Imagine a sundae hanging in the air before you. Scoops of chocolate, butterscotch, strawberry and mint. With generous dollops of honey and a liberal sprinkling of roasted nuts and choco chips. & #BANNER1 & # You drool over it, walk around it, look at it from all possible delicious angles and unable to resist the temptation, you try to grab it…only to come up with fistsful of thin air.
Welcome to the world of 3D advertising. The revolutionary display technique known as volumetric projection system (VPS), where objects seem suspended in mid-air, is about to hit India, and could well change the looks of point-of-sale or outdoor communication completely.
Sci-fi movie lovers may remember seeing similar visuals in Star Wars, where the robot R2D2 creates a 3D hologram of Princess Leia, and in Arnold Schwarzenegger's Total Recall.
The technology works like this: An object, whose image is being projected, sits inside a unit which projects the object's light into space through mirrors and lenses. The effect created is that of the object hovering in the air.
At eye-level (that is five to five-and-a-half feet), the object can be actually viewed from all angles and you can even walk through it, literally.
VPS is being introduced in the country by 3D Media Solutions, a wholly-owned subsidiary of the nine-year-old Barcelona-based 3D Media Group. With divisions in New York, Oslo, Seoul besides Mumbai, the holding company (which touched a turnover of 30 million Euros in 2003) specialises in 3D point-of-purchase and point-of-display solutions.
In India, which is also the parent company's South-East Asian marketing hub, 3D Media has an impressive client list featuring Pepsi, Coke, Dettol, Shoppers' Stop, Lexi Pens, HLL's Domex and Standard Chartered Manhattan card.
"The effect created in the movie Star Wars would be extremely expensive to replicate," says Mukesh Manik, managing director, 3D Media Solutions, India. "It would cost around Rs 80-90 lakh for a single unit," he informs. "To make the technology more affordable, we have introduced two models, the Object Unit and the Video Unit," he adds.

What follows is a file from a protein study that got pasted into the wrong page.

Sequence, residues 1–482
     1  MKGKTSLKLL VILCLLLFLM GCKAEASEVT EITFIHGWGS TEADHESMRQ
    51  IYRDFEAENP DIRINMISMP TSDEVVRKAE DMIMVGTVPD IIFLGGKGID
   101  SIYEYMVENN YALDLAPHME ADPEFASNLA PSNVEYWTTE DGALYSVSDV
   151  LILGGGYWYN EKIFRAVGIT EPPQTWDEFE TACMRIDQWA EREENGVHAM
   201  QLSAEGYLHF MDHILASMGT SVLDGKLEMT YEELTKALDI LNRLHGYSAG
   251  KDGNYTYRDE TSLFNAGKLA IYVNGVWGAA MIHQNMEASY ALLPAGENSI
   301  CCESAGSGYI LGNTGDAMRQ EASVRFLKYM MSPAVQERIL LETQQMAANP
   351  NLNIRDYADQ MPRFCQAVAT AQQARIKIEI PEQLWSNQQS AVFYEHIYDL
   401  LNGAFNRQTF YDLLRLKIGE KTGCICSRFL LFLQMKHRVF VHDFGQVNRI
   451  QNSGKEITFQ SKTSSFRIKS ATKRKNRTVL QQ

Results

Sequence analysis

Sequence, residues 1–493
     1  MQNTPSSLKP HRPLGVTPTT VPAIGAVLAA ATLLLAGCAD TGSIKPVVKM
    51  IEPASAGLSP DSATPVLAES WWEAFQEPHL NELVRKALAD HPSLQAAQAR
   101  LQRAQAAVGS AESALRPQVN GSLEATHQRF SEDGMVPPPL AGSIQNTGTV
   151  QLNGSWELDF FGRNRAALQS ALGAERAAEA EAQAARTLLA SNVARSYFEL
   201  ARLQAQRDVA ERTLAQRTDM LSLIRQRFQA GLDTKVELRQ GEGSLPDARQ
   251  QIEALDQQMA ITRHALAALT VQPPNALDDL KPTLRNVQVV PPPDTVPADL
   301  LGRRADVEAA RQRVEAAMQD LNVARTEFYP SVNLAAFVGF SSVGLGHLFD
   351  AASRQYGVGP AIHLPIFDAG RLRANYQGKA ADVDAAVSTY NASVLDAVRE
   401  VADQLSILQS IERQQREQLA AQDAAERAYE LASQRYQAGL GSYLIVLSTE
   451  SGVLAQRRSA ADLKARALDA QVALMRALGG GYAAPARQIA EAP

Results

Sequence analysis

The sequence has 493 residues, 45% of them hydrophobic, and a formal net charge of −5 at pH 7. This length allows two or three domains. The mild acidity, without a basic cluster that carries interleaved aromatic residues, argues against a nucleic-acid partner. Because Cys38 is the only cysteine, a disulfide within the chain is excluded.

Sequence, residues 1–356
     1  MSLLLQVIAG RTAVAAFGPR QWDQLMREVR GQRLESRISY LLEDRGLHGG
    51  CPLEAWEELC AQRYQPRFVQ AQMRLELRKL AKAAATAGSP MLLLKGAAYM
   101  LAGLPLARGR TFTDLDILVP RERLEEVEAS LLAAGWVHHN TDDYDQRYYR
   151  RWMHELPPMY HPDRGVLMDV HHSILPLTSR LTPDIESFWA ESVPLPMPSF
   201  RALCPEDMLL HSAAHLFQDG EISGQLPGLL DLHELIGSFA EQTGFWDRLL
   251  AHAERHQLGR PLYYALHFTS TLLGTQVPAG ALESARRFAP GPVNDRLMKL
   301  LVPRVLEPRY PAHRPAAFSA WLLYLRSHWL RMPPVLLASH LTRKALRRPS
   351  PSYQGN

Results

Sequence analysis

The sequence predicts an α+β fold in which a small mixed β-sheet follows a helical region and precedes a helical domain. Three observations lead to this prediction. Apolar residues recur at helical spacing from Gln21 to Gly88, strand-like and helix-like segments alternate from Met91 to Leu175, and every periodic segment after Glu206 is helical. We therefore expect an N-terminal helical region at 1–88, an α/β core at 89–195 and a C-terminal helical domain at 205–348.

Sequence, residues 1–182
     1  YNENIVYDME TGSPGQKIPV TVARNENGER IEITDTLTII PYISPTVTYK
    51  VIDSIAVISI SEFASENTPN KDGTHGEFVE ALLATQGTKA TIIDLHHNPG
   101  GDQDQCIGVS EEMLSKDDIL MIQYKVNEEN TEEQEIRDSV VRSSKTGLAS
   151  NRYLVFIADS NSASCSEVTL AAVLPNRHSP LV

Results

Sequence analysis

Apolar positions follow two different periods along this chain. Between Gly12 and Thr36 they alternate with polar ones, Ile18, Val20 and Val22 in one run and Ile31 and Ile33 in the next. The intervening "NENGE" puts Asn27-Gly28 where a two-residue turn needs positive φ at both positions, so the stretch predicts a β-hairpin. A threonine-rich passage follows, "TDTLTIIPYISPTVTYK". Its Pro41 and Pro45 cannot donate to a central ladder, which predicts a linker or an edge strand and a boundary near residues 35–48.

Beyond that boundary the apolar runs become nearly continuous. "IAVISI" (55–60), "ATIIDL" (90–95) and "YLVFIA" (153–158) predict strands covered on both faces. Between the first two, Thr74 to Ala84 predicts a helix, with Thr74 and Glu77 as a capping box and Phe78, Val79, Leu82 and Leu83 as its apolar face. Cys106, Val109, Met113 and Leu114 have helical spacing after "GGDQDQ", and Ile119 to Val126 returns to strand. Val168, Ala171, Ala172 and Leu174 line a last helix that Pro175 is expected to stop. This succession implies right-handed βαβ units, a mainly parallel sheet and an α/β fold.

While the Object Unit can create illusions of objects as big as a soda can or a cell phone floating in the air, the Video Unit can actually play a DVD in space. So, you can have a talking head suspended mid-air, and can put your finger through its eyes (giving in to your wicked side that is!). And no, you won't require glasses or any other viewing instrument to enjoy these displays.
In order to make the system more affordable, the company has had to make certain compromises though. To begin with, instead of the 360 degree viewing angle, one can only get a 90 degree viewing angle, and for objects no bigger than 12 cm in height. "What we do is create mock-ups of the products and carry the text in reverse on the images," explains Manik. "These are then projected through the help of optics."
Developed initially for the US-army, this technology was commercialised more than a decade ago. But because of the high-investment involved, the technology had few takers among corporates.
To circumvent the problem, 3D Media Solutions has come up with a different business model in India. "We are not selling the units as yet, but will install them at strategic places in malls and other commercial spaces and rent our display time to advertisers," Manik explains.
The installation cost of Rs 1.5 lakh will be borne by the company, while a nominal charge of approximately Rs 700-Rs 800 per day will be charged to the advertisers.
The first to adapt this technology will be Shoppers' Stop; the retail chain will have three-four of these display units each across its 15 retail outlets next month. But before that, VPS will be demonstrated at the forthcoming POP Asia, the company informs. So far, the proposed business model has found a couple of clients, Manik informs. And they include, jewellery makers, cell phone marketers, cola majors and pharma companies for OTC products.
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